• 21 months ago · Quote · #12

    waffllemaster

    paulgottlieb wrote:

    Estrangement, I believe you are incorrect. the Soviet propaganda machine did their best to sell the idea of Fischer as an unstable idiot savant. In fact, they did such a good job that they ended up fatally underestimating him. There's a fascinating book called "Russians Versus Fischer" that contains a lot of data on the topic, including the minutes of many of their meetings. In there inquest after the Taimanov disaster, Kotov is quoted as saying "Fischer plays tennis! He's coordinated. He speaks four languages." He was so sure that they would be meeting a neurotic, uncultured boor.

    I think Fischer did a fine job all by himself proving how dysfunctional outside of chess he was.

  • 21 months ago · Quote · #13

    jumpmeifucan

    I belive it.---why did the U.S  play him bad. Yes he broke the law by playing chess--Does anyone see whats wrong with that.So serbia invited him to play .---He maybe needed money. Anyway dont put me in jail for playing chess.

  • 21 months ago · Quote · #14

    AdamRinkleff

    Fischer was wronged by the US and the USCF. He was persecuted for his political beliefs, namely his belief that the Palestinian people are the victims of Israeli crimes against humanity.

  • 21 months ago · Quote · #15

    Estragon

    AdamRinkleff wrote:

    Fischer was wronged by the US and the USCF. He was persecuted for his political beliefs, namely his belief that the Palestinian people are the victims of Israeli crimes against humanity.

    Baloney.  He violated the law against doing business with Serbia and evaded taxes on his earnings.

    I personally think the embargo was poor policy (as in nearly all cases) but it was the law.  Fischer was not exempt, and chess was not exempt.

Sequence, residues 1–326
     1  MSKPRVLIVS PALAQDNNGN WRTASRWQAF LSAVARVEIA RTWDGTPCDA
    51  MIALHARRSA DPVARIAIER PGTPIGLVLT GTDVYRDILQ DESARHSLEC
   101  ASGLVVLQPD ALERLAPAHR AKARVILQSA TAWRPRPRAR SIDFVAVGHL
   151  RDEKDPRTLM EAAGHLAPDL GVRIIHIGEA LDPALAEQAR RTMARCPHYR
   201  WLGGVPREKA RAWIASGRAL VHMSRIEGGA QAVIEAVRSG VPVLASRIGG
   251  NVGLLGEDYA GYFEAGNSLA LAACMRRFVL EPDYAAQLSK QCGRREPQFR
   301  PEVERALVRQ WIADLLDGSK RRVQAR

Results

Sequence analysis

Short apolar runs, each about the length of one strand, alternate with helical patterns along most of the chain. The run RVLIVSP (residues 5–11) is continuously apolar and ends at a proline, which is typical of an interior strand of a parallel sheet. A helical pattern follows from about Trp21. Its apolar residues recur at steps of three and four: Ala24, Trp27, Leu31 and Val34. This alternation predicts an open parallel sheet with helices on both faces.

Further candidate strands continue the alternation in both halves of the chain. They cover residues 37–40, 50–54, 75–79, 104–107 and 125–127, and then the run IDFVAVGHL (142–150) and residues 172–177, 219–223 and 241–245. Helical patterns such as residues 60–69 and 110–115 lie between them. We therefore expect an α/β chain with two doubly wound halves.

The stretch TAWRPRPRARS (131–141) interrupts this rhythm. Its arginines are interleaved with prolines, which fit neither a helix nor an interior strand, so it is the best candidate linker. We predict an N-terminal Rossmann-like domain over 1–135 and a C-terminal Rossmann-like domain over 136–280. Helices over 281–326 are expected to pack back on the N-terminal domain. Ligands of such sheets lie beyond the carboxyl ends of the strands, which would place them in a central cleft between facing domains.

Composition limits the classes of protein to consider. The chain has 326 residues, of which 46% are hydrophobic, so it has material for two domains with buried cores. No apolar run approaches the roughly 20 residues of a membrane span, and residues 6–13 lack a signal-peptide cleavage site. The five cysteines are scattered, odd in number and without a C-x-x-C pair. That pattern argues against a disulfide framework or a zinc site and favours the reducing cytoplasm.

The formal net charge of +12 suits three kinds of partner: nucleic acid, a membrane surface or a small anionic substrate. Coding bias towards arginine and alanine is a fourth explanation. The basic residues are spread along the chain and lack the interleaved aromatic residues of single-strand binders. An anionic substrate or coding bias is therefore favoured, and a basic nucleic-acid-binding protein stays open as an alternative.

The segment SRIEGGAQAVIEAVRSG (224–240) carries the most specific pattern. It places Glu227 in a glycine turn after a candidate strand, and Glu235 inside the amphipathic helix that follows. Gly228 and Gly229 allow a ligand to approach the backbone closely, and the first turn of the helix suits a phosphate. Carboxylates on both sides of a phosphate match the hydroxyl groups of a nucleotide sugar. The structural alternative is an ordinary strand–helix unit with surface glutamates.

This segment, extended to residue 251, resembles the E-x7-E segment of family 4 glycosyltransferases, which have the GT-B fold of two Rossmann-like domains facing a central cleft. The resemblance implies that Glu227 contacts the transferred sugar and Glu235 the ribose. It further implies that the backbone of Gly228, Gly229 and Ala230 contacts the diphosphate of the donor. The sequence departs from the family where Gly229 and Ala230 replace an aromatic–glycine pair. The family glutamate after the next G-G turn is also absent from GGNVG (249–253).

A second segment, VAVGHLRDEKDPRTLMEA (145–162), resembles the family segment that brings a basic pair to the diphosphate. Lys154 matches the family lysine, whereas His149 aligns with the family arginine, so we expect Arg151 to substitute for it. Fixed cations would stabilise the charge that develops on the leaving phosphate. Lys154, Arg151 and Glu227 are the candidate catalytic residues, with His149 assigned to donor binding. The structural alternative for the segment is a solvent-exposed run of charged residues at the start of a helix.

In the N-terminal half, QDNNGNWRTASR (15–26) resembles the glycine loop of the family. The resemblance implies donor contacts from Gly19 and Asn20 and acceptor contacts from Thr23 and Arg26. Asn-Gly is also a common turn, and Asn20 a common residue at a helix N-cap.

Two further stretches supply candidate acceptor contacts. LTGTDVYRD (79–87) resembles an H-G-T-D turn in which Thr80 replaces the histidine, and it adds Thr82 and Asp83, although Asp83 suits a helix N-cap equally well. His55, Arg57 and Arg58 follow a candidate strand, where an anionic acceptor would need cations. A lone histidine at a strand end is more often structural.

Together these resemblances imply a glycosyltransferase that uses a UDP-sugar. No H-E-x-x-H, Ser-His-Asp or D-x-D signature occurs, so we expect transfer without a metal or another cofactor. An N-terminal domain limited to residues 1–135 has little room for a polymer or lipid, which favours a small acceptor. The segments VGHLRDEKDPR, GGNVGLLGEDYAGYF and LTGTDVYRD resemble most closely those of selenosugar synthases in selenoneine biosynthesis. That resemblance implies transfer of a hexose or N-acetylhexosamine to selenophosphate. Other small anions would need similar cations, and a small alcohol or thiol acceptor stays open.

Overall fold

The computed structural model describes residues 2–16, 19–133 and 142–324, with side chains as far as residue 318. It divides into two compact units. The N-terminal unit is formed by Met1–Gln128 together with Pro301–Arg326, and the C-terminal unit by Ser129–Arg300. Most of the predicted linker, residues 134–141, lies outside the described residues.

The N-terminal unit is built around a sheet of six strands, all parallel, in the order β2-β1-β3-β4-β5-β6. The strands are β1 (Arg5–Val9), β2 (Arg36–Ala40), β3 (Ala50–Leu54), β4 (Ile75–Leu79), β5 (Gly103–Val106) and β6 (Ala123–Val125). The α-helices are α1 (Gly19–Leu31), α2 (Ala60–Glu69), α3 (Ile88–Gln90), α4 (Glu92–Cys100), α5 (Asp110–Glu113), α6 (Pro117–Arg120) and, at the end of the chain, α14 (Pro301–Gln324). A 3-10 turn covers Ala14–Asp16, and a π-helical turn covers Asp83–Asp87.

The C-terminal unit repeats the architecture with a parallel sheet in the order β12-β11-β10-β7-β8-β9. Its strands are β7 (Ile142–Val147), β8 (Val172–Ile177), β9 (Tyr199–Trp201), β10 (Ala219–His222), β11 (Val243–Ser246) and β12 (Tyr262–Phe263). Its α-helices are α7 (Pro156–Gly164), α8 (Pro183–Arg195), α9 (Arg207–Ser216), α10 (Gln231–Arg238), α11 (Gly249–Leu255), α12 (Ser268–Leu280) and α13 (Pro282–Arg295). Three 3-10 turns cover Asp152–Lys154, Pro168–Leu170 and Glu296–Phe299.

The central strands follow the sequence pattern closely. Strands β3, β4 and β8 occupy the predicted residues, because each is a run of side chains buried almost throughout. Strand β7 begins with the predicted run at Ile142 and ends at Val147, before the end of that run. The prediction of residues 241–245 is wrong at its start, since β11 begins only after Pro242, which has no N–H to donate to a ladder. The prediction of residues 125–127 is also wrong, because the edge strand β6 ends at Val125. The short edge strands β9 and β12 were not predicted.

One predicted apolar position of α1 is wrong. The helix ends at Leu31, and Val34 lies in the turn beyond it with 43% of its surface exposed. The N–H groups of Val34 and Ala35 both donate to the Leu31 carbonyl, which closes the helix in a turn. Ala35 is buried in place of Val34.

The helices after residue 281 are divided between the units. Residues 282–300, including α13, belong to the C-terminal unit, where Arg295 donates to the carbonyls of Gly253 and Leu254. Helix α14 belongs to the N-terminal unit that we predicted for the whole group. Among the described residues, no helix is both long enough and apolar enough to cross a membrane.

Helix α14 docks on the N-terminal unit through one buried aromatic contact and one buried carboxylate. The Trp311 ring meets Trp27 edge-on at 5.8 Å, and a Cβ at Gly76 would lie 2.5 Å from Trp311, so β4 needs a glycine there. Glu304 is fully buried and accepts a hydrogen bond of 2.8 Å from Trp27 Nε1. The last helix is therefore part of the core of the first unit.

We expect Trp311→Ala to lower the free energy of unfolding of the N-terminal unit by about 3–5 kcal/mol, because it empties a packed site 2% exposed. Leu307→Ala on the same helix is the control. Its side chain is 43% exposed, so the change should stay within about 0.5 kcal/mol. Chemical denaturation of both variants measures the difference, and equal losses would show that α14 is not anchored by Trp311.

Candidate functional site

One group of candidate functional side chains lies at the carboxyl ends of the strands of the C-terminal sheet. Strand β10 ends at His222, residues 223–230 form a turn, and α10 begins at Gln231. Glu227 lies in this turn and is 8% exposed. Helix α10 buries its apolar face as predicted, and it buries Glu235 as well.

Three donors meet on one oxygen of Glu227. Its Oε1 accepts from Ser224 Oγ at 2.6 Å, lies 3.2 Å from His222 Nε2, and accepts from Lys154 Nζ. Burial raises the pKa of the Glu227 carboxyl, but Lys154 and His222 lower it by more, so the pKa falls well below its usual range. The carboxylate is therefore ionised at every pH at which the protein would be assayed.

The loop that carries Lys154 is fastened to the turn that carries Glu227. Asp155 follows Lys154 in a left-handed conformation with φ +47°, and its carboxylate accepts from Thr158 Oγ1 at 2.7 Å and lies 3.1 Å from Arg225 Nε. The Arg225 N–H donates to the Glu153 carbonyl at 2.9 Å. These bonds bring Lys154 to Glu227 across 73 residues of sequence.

• 21 months ago · Quote · #16

    AdamRinkleff

    Estragon wrote:

    it was the law. 

    Bad laws should not be followed. Playing chess in Serbia was not a crime.

  • 21 months ago · Quote · #17

    dadam

    Is a idiot a good human only because he is a brilliant chess player?

    He is still a idiot (but a brilliant player).

  • 21 months ago · Quote · #18

    polydiatonic

    "Fischer was more of an "idiot savant" than a genius.  He played chess brilliantly and was virtually dysfunctional in every other aspect."


    Completely wrong.  An "idiot savant" is typified by having super advanced abilities that come without any apparent preperation or other advanced aptitude.  Fischer overiding character as a chess player was incredible PREPARATION.  That is in fact the OPPOSITE of what a "savant" is.

  • 21 months ago · Quote · #19

    polydiatonic

    AdamRinkleff wrote:

    Fischer was wronged by the US and the USCF. He was persecuted for his political beliefs, namely his belief that the Palestinian people are the victims of Israeli crimes against humanity.

    Another completely wacky comment.  Fischer's anti semitism had very little to do with the world outside of chess.  I have read and seen just about every interview that Fischer has ever done and I never, not once heard him say a word about the Palestian/Israeli conflict until he was in his 60's.

    His antisemitism predates that by at least 30 years...